Principles of Statistical Modeling, Spring 2019

Jacobs University Bremen, Spring 2019, Herbert Jaeger

Classes: Wed 9:45-11:00 and Fri 11:15-12:30, Lecture Hall Research III

Tutorial sessions: t.b.a.

TA: Tianlin Liu (t.liu at jacobs-university.de)

Contents. This course gives an introduction to the basic concepts of statistical modeling. We bring together the two views of statistics and of machine learning. While both traditions have developed advanced statistical tools to analyse data, the fundamental questions that are asked (and answered) differ. Stated briefly, statisticians try to answer specific, decision-relevant questions on the basis of data, whereas machine learners aim at modeling complex pieces of the world in as accurately and comprehensively as possible, given data. Both views are important in the current fast developments in “Big Data” or “Data Analytics”. The course proceeds in four main parts: (i) the fundamental concepts of statistical modeling: probability spaces, observation spaces, random variables; (ii) a crash refresher on basic mathematical formulas and laws; (iii) introduction to statistical methods; (iv) introduction to methods of machine learning. The course was developed jointly by a statistician (A. Wilhelm) and a machine learner (H. Jaeger), and will be highly enriched by examples, exercises and miniprojects.

Lecture notes are here.

Homework. There will be two kinds of homeworks, which are treated quite differently. A. Standard Paper-and-pencil  problems. These homeworks give an opportunity to exercise the theoretical concepts introduced in the lecture. These homeworks will not be checked or graded, and doing them is not mandatory. Instead, the problems will be discussed and show-solved in weekly tutorial sessions held by the TA. Model solutions will be put online a week after issuing the problem sheets. B. Modeling miniprojects. The other type of homework will come as one (or two, if time permits) miniproject(s), issued in the last month of the course (since only then you’ll have mastered the necessary techniques). These miniprojects are graded. In these miniprojects you will be given a real-world dataset and your task will be to carry out an elementary statistical analysis of basic characteristics of these data. The challenge: you will be asked to write a short report which will be graded based on correct use of concepts and terminology, clean formalism, and clarity (instructive graphics are desirable). Typesetting preferably in Latex.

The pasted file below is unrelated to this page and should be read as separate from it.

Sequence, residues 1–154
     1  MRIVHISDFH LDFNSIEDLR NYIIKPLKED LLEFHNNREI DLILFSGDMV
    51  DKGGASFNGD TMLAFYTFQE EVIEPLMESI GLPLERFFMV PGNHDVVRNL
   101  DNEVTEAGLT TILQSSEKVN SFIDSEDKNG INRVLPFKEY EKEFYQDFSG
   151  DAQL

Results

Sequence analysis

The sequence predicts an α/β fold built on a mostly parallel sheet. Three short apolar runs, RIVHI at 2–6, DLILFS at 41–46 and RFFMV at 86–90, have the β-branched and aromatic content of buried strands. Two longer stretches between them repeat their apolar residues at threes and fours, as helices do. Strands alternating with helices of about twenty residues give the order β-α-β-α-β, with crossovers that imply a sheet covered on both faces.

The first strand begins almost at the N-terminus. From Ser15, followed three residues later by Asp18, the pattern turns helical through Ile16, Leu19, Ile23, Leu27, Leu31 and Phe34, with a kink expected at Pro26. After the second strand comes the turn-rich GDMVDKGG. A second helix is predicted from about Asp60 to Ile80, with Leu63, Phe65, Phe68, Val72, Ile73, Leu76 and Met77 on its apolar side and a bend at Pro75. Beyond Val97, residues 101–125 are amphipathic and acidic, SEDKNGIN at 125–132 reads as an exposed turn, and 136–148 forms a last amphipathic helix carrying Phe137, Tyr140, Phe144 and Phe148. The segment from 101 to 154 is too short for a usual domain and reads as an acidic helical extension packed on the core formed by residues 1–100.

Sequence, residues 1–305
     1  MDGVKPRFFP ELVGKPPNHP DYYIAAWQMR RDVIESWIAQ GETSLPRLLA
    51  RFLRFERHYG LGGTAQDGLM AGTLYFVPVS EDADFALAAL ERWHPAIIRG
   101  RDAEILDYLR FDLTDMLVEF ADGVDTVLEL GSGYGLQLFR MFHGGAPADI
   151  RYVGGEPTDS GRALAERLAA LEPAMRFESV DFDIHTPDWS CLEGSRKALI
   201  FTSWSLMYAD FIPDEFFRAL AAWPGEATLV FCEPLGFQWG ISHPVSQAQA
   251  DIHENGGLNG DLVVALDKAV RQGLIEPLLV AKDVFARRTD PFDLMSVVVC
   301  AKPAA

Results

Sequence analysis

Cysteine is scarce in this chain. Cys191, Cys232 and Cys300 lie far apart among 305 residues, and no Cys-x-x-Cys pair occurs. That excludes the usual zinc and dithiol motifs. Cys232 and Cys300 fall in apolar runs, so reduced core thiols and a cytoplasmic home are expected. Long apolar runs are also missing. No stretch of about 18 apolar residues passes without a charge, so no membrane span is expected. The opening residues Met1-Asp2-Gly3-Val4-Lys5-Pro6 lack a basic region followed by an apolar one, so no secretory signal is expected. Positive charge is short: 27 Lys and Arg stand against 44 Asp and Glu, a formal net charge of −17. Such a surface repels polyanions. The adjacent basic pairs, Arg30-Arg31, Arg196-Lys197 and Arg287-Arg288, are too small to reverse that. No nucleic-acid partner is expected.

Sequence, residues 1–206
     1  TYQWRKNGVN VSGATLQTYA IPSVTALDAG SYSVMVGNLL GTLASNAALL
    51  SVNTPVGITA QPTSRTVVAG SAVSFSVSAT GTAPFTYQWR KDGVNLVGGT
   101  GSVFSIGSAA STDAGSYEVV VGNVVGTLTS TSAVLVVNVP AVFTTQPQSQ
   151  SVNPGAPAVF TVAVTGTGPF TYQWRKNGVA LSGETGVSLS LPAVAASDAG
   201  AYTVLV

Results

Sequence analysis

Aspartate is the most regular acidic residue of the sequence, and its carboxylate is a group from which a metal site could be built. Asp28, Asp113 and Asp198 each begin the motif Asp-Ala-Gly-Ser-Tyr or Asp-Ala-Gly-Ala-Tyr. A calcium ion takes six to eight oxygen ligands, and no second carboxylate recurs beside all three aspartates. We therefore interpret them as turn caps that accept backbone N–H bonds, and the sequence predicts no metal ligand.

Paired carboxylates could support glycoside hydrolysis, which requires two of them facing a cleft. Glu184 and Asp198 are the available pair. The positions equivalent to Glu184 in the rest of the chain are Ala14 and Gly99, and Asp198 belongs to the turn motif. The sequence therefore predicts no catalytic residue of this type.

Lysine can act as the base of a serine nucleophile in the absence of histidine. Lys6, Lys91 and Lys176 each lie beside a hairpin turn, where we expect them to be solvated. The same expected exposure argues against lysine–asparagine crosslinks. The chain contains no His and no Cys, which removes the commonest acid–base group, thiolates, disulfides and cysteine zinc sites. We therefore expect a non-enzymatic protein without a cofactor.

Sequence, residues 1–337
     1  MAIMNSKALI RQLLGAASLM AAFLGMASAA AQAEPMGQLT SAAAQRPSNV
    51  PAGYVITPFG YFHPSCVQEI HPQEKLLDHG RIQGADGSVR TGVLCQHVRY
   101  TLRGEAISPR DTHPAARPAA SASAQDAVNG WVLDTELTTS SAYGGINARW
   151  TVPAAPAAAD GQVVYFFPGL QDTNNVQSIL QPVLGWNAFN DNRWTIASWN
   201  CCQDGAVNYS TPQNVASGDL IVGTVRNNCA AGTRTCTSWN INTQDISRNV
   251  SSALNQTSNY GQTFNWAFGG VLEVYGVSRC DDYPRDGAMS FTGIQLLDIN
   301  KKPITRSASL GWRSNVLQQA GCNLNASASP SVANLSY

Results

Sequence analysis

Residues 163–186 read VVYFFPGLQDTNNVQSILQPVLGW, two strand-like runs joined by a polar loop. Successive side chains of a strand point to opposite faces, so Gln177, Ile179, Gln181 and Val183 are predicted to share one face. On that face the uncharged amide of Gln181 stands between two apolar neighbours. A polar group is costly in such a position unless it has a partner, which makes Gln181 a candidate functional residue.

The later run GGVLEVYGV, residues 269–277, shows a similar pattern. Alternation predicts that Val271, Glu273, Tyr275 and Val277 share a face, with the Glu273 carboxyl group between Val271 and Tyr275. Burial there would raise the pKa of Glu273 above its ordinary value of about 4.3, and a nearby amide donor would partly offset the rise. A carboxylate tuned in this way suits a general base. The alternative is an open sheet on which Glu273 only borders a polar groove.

Grading. The course grade will be computed from the following components: 1. three miniquizzes written in class (30 min) of which the best two will be taken and counting each by 20% toward the course grade; 2. classroom presence 10%; 3. miniproject homeworks 20%; 4. final exam 30%. All quizzes and exams are open-book.

Schedule (to be filled in agreement with the unfolding of reality)

Feb 6 Introduction
Feb 8 Lots of examples for probability measurement scenarios. Reading: Lecture Notes Section 1. Exercise sheet 1 Solutions
Feb 13 Elementary events and random variables. Reading: LN Section 3
Feb 15 Operations on RVs 1: products and projections. Modeling time series data by RVs. Reading: LN Section 3.1 and Appendix A. Note: there were typographic errors in Appendix A in the originally published LN version, has been corrected, if you download the new version you will find a more readable version of Appendix A. Exercise sheet 2
Feb 20 Operations on RVs 2: transformations of RVs. Reading: LN Sections 3.2 and 4.
Feb 22 Events and sigma-fields. Reading: LN Section 6.1, 6.2 up to (excluding) Theorem 6.2.1.
Feb 27
Mar 1
Mar 6
Mar 8
Mar 13
Mar 15
Mar 20
Mar 22
Mar 27
Mar 29
Apr 3
Apr 5
Apr 10
Apr 12
Apr 24
Apr 26
May 3
May 8
May 10
May 15
Apr 17